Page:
Blog: Dean BestHow UK trade show IFE is now more international

Dean Best | 19 March 2013


SIAL and Anuga are the two titans of Europe's industry trade show circuit but this year IFE, the biennial UK trade show, seems to have a more international flavour than on previous occasions.

IFE officially opened yesterday (day two of the event; organisers wanted to respect our weekends, they said) with an address from UK food minister David Heath. Much of Heath's comments (and those he made later in a panel debate) centred on the potential he believes the UK food industry has overseas - and how the Government is trying to help firms meet their ambitions.

It was a day on which official data revealed UK food and soft drink exports were flat in 2012 but Heath - who said the "main culprit" for the results was last year's wet summer hitting commodity exports - argued the industry is able to capitalise on opportunities overseas.

However, the UK food industry has been slow to tap into the world's faster-growing economies. The main markets remain in Europe and none of the BRIC countries were in the country's top 20 export destinations for food and soft drinks in 2012.

Speaking on the sidelines of the event to just-food, Heath admitted the UK food industry was behind its rivals in exploiting the growth in emerging markets but said the Government was working with industry to help manufacturers targets the BRICs and beyond.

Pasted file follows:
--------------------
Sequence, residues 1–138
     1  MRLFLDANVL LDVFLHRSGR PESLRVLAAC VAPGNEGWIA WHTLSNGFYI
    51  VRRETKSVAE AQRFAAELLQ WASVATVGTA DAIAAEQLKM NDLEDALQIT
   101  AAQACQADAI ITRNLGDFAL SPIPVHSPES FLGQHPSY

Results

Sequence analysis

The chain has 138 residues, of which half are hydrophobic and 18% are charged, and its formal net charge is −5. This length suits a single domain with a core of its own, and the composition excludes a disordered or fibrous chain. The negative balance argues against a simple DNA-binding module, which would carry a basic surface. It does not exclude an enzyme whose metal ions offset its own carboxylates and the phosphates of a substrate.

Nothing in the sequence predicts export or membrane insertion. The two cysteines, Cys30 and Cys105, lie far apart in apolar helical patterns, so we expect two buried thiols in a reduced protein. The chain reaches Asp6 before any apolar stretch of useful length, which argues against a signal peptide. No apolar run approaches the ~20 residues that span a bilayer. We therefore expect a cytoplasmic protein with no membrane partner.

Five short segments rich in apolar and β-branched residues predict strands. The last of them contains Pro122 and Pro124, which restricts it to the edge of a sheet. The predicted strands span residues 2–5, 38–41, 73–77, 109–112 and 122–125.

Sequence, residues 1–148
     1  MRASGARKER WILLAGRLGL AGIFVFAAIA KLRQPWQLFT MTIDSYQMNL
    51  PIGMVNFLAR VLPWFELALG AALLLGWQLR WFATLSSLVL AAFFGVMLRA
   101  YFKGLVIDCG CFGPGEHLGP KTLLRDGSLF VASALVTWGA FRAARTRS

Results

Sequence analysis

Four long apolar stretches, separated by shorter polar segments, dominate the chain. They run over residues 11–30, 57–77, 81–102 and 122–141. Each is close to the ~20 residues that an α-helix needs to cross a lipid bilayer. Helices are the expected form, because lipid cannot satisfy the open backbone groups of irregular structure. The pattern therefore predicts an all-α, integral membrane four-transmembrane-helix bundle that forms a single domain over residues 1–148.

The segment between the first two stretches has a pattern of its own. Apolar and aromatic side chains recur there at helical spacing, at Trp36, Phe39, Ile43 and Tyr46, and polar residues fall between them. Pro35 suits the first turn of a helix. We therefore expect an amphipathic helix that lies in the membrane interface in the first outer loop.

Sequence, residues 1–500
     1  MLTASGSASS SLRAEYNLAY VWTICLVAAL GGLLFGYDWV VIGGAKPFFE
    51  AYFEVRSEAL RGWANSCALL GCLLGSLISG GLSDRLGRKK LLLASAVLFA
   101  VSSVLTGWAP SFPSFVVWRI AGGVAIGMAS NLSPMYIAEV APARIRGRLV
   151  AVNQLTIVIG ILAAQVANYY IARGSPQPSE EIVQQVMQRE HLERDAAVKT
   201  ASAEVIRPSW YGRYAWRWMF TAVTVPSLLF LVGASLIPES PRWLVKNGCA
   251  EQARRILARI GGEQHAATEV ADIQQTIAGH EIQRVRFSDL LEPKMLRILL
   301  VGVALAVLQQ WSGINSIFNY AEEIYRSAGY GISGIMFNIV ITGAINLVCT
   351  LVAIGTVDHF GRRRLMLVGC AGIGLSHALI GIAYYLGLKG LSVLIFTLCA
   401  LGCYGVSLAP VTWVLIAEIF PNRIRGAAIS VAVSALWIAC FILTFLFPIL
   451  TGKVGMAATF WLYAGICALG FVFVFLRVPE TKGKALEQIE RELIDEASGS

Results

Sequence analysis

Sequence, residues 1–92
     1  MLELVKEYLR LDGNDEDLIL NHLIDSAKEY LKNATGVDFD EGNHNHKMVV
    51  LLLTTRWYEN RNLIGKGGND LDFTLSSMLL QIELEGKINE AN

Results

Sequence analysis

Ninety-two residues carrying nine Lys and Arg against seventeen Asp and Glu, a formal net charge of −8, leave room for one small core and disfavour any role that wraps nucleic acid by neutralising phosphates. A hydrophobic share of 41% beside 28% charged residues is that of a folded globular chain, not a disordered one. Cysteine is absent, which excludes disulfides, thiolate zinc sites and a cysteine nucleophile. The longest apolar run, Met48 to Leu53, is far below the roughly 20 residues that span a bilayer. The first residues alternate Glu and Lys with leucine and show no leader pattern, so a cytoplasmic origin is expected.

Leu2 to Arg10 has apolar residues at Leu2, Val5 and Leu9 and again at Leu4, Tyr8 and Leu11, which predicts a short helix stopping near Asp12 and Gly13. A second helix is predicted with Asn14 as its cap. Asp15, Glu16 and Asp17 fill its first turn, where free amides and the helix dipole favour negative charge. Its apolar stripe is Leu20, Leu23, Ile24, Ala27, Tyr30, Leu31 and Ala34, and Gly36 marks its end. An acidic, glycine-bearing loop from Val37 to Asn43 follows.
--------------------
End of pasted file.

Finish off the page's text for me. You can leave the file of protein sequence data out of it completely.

The international tone continued later with a panel session featuring UK government agency UK Trade & Investment, export consultants Green Seed and industry organisation the Food and Drink Export Association.

There was, however, a notable and important message from the panel: export success comes through focus. While business headlines may shout about the growth in far-flung markets like the BRICs, small- and medium-sized UK enterprises keen to expand overseas should, the panel suggested, first look closer to home.

Rob Furse, an international trade advisor at the UKTI, said firms interested in exporting should focus on a small number of markets perhaps before looking at the alluring markets of China and India.

"When I first started ten years ago, I'd go and see a company and they would all want to go the States. Then it moved over to China and now India. Part of our job is to get that focus, to come in and help you achieve one or two very simple goals and get one market right," he said.

It was a crucial piece of insight for ambitious exporters. Perhaps in previous years, IFE has seemed a more domestic event, certainly in comparison to its bigger peers on the Continent. But, this year, its status as an international show has come to the fore.



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